Why Every World Map Is Wrong

The idea that the world maps are wrong — all of them — is hard­ly con­tro­ver­sial. It’s a math­e­mat­i­cal fact that turn­ing a globe (or an oblate spher­oid) into a two-dimen­sion­al object will result in unavoid­able dis­tor­tions. In the TED-Ed les­son above by Kay­la Wolf, you’ll learn a brief his­to­ry of world maps, start­ing all the way back with the Greek math­e­mati­cian Ptole­my, who “sys­tem­at­i­cal­ly mapped the Earth on a grid” in 150 AD in order to cre­ate maps that had a con­sis­tent scale. His grid sys­tem is still in use today — 180 lines of lat­i­tude and 360 lines of lon­gi­tude.

Most of the world maps we knew come from the Mer­ca­tor Pro­jec­tion, “a cylin­dri­cal map pro­jec­tion pre­sent­ed by the Flem­ish geo­g­ra­ph­er and car­tog­ra­ph­er Ger­ar­dus Mer­ca­tor in 1569,” writes Steven J. Fletch­er.

This map pro­jec­tion is prac­ti­cal for nau­ti­cal appli­ca­tions due to its abil­i­ty to rep­re­sent lines of con­stant course, known as rhumb lines, as straight seg­ments that con­serve the angles with the merid­i­ans…. the Mer­ca­tor pro­jec­tion dis­torts the size of objects as the lat­i­tude increas­es from the equa­tor to the poles, where the scale becomes infi­nite. 

Mercator’s inno­va­tion allowed for the ship­ping routes that cre­at­ed the mod­ern world (includ­ing those through the now-unblocked Suez Canal). But the pro­jec­tion has its prob­lems: 14 Green­lands, for exam­ple, could fit inside the con­ti­nent of Africa, says Wolf, but “you wouldn’t guess it from most maps of the world”  in which the two land mass­es are almost the same size.

“In 2010,” Adam Tay­lor notes at The Wash­ing­ton Post, “graph­ic artist Kai Krause made a map to illus­trate just how big the African con­ti­nent is. He found that he was able to fit the Unit­ed States, India and much of Europe inside the out­line of the African con­ti­nent.”

Geo­graph­i­cal mis­per­cep­tions “shape our under­stand­ing of the world,” Nick Rout­ley writes at Busi­ness Insid­er, “and in an increas­ing­ly inter­con­nect­ed and glob­al econ­o­my, this geo­graph­ic knowl­edge is more impor­tant than ever.” We are no longer pri­mar­i­ly using maps, that is to say, to chart, trade with, or con­quer for­mer­ly unknown regions of the world — from loca­tions assumed to be the nat­ur­al cen­ters of com­merce, cul­ture, or reli­gion.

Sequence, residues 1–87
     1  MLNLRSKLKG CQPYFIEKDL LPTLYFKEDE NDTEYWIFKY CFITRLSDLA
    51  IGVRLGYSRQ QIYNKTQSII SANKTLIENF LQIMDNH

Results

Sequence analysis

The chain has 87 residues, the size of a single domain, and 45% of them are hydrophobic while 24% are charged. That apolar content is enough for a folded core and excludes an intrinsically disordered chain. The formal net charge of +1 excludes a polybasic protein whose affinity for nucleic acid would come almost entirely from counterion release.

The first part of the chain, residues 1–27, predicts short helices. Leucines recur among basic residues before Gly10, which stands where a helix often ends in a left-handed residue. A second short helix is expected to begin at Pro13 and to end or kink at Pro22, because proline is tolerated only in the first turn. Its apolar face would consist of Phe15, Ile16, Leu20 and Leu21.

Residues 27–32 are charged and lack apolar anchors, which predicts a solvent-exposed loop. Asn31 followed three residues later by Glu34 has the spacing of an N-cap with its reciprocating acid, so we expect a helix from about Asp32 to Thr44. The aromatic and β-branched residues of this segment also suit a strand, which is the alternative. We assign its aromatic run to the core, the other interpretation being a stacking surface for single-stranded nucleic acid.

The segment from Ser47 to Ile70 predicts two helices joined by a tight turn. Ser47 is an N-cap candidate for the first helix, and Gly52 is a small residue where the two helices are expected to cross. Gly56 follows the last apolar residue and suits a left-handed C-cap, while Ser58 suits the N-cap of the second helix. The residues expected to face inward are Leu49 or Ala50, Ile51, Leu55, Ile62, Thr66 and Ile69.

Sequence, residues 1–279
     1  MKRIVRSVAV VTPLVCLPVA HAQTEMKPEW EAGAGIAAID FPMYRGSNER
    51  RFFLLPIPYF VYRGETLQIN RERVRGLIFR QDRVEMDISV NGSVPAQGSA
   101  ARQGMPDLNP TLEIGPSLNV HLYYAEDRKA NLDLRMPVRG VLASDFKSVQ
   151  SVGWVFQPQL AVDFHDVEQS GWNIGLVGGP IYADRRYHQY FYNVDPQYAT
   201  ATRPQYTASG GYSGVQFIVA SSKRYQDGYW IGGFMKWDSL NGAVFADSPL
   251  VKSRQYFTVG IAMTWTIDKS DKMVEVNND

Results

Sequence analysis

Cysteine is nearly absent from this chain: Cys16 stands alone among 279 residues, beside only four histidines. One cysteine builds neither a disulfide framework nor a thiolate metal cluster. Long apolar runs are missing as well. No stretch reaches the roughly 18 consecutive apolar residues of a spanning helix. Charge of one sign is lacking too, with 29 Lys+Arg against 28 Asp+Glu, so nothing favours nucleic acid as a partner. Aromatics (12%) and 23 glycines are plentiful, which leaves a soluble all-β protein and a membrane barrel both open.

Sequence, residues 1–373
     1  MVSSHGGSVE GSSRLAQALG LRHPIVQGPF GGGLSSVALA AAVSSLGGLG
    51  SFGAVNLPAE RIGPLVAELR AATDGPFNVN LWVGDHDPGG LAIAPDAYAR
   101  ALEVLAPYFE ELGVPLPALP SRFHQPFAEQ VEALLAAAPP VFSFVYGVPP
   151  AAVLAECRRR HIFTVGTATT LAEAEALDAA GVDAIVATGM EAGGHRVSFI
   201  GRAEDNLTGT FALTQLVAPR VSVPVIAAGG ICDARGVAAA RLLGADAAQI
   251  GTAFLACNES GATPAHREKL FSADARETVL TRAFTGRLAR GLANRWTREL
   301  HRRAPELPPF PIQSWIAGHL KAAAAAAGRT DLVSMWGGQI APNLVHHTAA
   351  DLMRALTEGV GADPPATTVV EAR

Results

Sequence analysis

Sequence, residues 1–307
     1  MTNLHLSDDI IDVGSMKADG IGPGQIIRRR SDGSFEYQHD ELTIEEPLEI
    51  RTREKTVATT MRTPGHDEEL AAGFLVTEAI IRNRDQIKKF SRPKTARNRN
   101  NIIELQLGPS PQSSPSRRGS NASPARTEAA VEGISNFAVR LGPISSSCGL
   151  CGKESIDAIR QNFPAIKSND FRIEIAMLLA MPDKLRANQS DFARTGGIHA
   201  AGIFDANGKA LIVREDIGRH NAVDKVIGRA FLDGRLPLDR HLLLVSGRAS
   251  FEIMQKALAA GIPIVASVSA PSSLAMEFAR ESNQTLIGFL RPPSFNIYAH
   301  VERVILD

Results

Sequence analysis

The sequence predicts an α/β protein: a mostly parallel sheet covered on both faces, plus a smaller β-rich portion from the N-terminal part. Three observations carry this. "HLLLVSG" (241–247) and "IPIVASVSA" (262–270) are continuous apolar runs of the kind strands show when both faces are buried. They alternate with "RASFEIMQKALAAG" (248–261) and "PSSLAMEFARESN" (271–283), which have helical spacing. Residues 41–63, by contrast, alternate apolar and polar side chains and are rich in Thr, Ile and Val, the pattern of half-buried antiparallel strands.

Non-Mer­ca­tor world maps have, over the last few decades espe­cial­ly, attempt­ed to cor­rect the errors of cylin­dri­cal pro­jec­tion by unfold­ing the globe like an orange peel or a series of inter­lock­ing tri­an­gles, as in Buck­min­ster Fuller’s 1943 Dymax­ion Map. These have proved nau­ti­cal miles more accu­rate than pre­vi­ous ver­sions but they are use­less in nav­i­gat­ing the world.

Why cre­ate new, more accu­rate world maps? Because the Mer­ca­tor pro­jec­tion has giv­en the impres­sion of Euro-Amer­i­can geo­graph­i­cal suprema­cy for almost 500 years now, Wolf’s les­son argues, sim­ply by virtue of the loca­tion of its ori­gin and its orig­i­nal pur­pose. But it is now not only inac­cu­rate and out­dat­ed, it is also irrel­e­vant. Maps play a vital role in edu­ca­tion. The prac­ti­cal util­i­ty, how­ev­er, of flat world maps these days is pret­ty much beside the point, since GPS tech­nol­o­gy has most­ly elim­i­nat­ed the need for them alto­geth­er.

Relat­ed Con­tent: 

Buck­min­ster Fuller’s Map of the World: The Inno­va­tion that Rev­o­lu­tion­ized Map Design (1943)

Japan­ese Design­ers May Have Cre­at­ed the Most Accu­rate Map of Our World: See the Autha­Graph

Why Mak­ing Accu­rate World Maps Is Math­e­mat­i­cal­ly Impos­si­ble

Ancient Maps that Changed the World: See World Maps from Ancient Greece, Baby­lon, Rome, and the Islam­ic World

Down­load 67,000 His­toric Maps (in High Res­o­lu­tion) from the Won­der­ful David Rum­sey Map Col­lec­tion

200 Online Cer­tifi­cate & Micro­cre­den­tial Pro­grams from Lead­ing Uni­ver­si­ties & Com­pa­nies

Josh Jones is a writer and musi­cian based in Durham, NC. Fol­low him at @jdmagness

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